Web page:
The good befall'n him, author unsuspect,

Friendly to man, far from deceit or guile.
What fear I then? Rather, What know to fear
Under this ignorance of good and evil,

Of God or death, of law or penalty?

Here grows the cure of all, this fruit divine,
Fair to the eye, inviting to the taste,

775

Of virtue to make wise. What hinders then

780

To reach, and feed at once both body' and mind ?
So saying, her rash hand, in evil hour,
Forth reaching to the fruit, she pluck'd, she eat!
Earth felt the wound; and Nature, from her seat
Sighing, thro' all her works gave signs of woe,
That all was lost! Back to the thicket slunk
The guilty Serpent, and well might, for Eve, 785
Intent now wholly on her taste, nought else
Regarded; such delight till then, as seem'd,
In fruit she never tasted, whether true
Or fancy'd so, through expectation high

Of knowledge; nor was Godhead from her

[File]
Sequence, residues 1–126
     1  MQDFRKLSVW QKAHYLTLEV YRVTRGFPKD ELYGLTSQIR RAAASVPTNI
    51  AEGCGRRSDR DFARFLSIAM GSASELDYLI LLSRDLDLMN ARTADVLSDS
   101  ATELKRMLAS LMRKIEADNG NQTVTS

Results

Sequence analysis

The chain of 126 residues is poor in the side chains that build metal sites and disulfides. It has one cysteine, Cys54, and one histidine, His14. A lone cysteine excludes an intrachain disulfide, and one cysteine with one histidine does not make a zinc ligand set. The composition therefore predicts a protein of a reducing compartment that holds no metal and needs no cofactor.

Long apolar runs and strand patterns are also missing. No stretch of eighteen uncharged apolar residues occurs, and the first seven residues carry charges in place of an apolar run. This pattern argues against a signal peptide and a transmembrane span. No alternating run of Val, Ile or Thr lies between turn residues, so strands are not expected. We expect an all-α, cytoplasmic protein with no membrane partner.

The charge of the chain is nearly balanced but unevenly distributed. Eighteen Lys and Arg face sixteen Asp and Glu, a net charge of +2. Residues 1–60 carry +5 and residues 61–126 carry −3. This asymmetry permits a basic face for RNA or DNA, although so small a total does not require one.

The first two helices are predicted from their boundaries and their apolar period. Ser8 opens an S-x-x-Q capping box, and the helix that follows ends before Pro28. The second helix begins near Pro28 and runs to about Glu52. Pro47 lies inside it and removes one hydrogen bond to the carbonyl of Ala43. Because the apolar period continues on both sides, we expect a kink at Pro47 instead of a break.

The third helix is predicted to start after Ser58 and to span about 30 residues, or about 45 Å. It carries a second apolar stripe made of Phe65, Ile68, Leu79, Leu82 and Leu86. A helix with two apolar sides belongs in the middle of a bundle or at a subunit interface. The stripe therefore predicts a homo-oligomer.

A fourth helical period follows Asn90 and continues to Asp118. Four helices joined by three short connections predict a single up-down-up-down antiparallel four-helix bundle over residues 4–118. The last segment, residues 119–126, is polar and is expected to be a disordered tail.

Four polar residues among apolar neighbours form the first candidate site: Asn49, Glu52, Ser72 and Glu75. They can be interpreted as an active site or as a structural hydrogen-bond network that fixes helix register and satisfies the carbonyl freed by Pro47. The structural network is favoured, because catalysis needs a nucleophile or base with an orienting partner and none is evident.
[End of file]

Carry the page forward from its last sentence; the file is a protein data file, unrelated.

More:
thought.

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Greedily she ingorg'd without restraint,
And knew not eating death. Satiate at length,
And heighten'd as with wine, jocund and boon,
Thus to herself she pleasingly began:

O sov'reign, virtuous, precious of all trees 795 In Paradise, of operation blest

To sapience, hitherto obscur'd, infam'd,
And thy fair fruit let hang, as to no end
Created; but henceforth my early care,

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Not without song, each morning, and due praise,
Shall tend thee, and the fertile burden ease
Of thy full branches, offer'd free to all;

Till, dieted by thee, I grow mature

805

In knowledge, as the Gods who all things know;
Tho' others envy what they cannot give;
For had the gift been theirs, it had not here